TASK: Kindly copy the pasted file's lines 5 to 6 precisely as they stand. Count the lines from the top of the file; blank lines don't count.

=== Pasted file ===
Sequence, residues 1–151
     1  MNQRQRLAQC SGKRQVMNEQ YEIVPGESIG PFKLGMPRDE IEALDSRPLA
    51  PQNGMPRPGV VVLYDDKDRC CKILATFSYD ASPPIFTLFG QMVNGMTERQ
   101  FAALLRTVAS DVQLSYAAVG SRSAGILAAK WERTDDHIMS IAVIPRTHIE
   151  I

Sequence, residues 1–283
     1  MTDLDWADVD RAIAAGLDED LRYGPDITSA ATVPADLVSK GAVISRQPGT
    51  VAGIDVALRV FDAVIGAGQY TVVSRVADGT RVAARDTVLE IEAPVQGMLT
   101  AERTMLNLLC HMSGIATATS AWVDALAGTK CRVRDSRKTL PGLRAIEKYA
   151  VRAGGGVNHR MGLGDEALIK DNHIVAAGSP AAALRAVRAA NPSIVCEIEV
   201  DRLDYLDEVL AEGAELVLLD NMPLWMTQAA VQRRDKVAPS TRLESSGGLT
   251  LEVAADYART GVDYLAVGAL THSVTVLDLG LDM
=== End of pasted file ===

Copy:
   151  I

Sequence, residues 1–283